Two of the most effective economic recovery programs for small businesses in the United States are set to expire in late September unless Congress ends its election-year deadlock and acts to extend them.
Christopher Hurn, chief executive officer of Mercantile Capital Corp., a provider of U.S. Small Business Administration 504 loans for small business owners who want to acquire or develop their own facilities, said he’s worried that SBA 504 loans for small businesses are being overlooked as Congress grapples with more visible public policy issues.
Hurn said the two initiatives — the SBA 504 refinance program and the First Mortgage Lien Pooling program — significantly expand the benefits of SBA 504 financing for small businesses in the U.S. at a time when our economy needs those businesses to grow and create jobs.
“One of the most critical issues facing the small business sector in the U.S. today is the availability of capital. At a time when interest rates are at their lowest in a lifetime and the Federal Reserve is bending over backward to provide lending capital to major banks, traditional lenders are faced with significant regulatory pressure that’s made it difficult to impossible for many small businesses to obtain the financing they need to expand their businesses, refinance their commercial mortgages, create more jobs and do their part to restore the national economy,” Hurn said.
The SBA 504 Refinance Program enables SBA 504 lenders to offer below-market financing at very favorable terms to small business owners who need to refinance higher-interest conventional loans for their commercial property, according to Hurn.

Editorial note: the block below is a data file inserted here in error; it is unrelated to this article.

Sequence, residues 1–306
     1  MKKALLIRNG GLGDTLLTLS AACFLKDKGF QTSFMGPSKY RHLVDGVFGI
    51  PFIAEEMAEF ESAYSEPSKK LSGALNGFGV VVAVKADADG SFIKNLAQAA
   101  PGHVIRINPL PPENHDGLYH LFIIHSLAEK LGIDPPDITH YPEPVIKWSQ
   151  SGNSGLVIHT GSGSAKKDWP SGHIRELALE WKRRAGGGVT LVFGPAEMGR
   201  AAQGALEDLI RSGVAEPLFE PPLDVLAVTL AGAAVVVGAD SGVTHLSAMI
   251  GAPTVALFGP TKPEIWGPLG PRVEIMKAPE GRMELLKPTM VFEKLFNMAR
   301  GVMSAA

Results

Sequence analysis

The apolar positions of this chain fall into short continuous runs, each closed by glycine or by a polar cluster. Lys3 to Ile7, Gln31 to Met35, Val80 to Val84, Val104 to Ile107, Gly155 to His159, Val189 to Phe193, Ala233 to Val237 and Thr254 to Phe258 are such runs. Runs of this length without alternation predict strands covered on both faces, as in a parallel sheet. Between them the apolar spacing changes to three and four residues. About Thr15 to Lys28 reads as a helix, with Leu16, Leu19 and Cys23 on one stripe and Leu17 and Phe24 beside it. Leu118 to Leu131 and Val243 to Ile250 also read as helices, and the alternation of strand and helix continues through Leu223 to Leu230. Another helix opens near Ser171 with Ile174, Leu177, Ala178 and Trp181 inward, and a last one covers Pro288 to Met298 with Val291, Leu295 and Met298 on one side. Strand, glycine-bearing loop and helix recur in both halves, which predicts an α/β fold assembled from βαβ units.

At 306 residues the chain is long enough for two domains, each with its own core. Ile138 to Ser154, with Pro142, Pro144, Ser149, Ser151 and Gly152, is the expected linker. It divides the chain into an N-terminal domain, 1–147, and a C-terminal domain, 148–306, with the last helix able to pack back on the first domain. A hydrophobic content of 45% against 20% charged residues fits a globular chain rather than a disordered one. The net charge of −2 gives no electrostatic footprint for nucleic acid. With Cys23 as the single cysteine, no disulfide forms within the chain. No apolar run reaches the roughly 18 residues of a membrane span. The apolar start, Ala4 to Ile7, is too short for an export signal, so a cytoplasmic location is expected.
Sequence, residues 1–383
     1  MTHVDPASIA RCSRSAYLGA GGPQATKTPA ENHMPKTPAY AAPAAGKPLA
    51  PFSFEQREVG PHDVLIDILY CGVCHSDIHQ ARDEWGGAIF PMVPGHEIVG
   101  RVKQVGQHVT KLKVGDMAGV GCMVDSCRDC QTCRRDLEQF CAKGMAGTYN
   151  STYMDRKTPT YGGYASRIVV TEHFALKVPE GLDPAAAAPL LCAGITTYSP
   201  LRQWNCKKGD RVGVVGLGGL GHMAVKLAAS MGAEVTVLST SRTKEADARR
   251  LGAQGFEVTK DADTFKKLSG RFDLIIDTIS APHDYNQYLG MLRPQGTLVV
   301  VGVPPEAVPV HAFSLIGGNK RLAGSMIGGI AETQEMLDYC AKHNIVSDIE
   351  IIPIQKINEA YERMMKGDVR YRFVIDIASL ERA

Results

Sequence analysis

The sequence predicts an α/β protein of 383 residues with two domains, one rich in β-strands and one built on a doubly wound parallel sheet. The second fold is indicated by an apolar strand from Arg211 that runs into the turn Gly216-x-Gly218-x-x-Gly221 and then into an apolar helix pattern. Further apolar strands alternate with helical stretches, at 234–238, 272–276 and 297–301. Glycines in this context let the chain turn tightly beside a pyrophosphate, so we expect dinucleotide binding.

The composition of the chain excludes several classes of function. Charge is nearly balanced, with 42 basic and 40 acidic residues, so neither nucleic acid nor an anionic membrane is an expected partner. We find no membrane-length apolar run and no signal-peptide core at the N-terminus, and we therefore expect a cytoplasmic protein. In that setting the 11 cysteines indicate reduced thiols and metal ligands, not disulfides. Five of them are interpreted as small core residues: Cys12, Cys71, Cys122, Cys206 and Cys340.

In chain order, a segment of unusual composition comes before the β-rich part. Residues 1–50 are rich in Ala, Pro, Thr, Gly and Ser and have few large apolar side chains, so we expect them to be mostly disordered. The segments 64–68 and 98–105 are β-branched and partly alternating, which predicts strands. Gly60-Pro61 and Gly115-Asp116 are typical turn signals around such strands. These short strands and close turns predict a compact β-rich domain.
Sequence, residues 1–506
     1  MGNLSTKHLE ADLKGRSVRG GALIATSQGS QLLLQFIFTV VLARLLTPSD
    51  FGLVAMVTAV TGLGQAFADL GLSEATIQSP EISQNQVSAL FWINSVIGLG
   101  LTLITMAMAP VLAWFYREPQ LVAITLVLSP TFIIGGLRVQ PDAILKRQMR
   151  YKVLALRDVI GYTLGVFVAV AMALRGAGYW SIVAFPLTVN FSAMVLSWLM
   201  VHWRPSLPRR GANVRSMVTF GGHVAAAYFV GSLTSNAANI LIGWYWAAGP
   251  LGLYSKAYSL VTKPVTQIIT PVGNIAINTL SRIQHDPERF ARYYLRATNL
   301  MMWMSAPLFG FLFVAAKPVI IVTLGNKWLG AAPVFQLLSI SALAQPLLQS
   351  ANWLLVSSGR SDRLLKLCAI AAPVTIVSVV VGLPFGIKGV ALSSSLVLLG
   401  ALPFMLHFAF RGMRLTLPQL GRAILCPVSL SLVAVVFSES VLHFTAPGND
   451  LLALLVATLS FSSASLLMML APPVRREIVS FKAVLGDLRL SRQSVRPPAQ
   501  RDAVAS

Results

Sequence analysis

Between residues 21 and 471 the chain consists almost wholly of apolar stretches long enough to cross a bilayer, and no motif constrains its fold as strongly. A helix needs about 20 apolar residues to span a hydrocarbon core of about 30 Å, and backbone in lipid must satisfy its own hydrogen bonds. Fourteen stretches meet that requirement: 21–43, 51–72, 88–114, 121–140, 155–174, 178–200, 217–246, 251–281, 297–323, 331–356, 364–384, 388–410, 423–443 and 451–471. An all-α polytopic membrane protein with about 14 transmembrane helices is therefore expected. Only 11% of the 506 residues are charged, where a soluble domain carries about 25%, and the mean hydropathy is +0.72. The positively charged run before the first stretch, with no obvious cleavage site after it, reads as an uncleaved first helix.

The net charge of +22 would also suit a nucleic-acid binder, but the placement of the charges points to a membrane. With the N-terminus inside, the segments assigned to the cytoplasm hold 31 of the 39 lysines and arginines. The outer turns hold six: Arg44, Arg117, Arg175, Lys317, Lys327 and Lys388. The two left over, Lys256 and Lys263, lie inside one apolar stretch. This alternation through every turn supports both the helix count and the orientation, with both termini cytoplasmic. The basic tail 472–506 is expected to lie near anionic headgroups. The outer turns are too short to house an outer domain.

Hurn also explained that the FMLP program created a secondary market for SBA 504 loans, thereby allowing lenders to generate liquidity and increase access to capital for more small businesses. “The FMLP program has become about the only viable financing source for assisted living facilities, daycares, auto repair shops, restaurants and hotels because conventional lenders generally won’t finance these types of properties,” he said.
The overall increase in SBA loan production in late 2011 and 2012 are due in large part to the SBA 504 refinance and FMLP programs, both of which include supplemental fees that make them budget-neutral. They’ve played a major role in Mercantile Capital and other SBA lenders reporting record loan volumes for the first six months of this year.
Since January, Mercantile Capital has closed 58 commercial loans to finance projects that total $220.7 million. That’s more than the company closed during all of 2011, and a 240 percent increase over the same time period last year. “Several of the small business owners we’ve worked with this year wouldn’t have been able to get funding for their projects without one or both of these programs,” Hurn said.
The SBA 504 refinance program and the FMLP program were established by the Small Business Jobs and Credit Act of September 2010 to be temporary — only 24 months each. Hurn explained that because of bureaucratic delays in Washington, D.C., these programs were hampered in their utilization and impact for the small business sector of our economy.
“Because of the delays in these programs — nearly 14 months for SBA 504 refinance and almost 19 months for FMLP — these programs need to be extended for at least one year each to allow us to continue to help more small businesses,” Hurn said. “The SBA 504 loan program is one of the most effective economic development and job creation programs the U.S. government has come up with,” Hurn said, “but a credit freeze will start again without these extensions,” he added.